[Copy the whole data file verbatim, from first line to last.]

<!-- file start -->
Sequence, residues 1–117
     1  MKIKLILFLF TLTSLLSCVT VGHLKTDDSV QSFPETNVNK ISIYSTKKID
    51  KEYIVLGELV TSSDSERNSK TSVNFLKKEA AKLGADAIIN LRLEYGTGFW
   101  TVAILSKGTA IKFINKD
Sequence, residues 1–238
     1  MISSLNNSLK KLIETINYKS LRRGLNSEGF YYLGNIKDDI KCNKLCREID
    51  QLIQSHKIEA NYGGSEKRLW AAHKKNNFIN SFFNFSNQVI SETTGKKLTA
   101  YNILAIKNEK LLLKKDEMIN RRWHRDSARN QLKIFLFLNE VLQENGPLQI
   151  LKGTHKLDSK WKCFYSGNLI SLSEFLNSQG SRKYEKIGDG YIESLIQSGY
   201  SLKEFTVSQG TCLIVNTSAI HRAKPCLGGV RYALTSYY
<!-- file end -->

Sequence, residues 1–117
     1  MKIKLILFLF TLTSLLSCVT VGHLKTDDSV QSFPETNVNK ISIYSTKKID
    51  KEYIVLGELV TSSDSERNSK TSVNFLKKEA AKLGADAIIN LRLEYGTGFW
   101  TVAILSKGTA IKFINKD
Sequence, residues 1–238
     1  MISSLNNSLK KLIETINYKS LRRGLNSEGF YYLGNIKDDI KCNKLCREID
    51  QLIQSHKIEA NYGGSEKRLW AAHKKNNFIN SFFNFSNQVI SETTGKKLTA
   101  YNILAIKNEK LLLKKDEMIN RRWHRDSARN QLKIFLFLNE VLQENGPLQI
   151  LKGTHKLDSK WKCFYSGNLI SLSEFLNSQG SRKYEKIGDG YIESLIQSGY
   201  SLKEFTVSQG TCLIVNTSAI HRAKPCLGGV RYALTSYY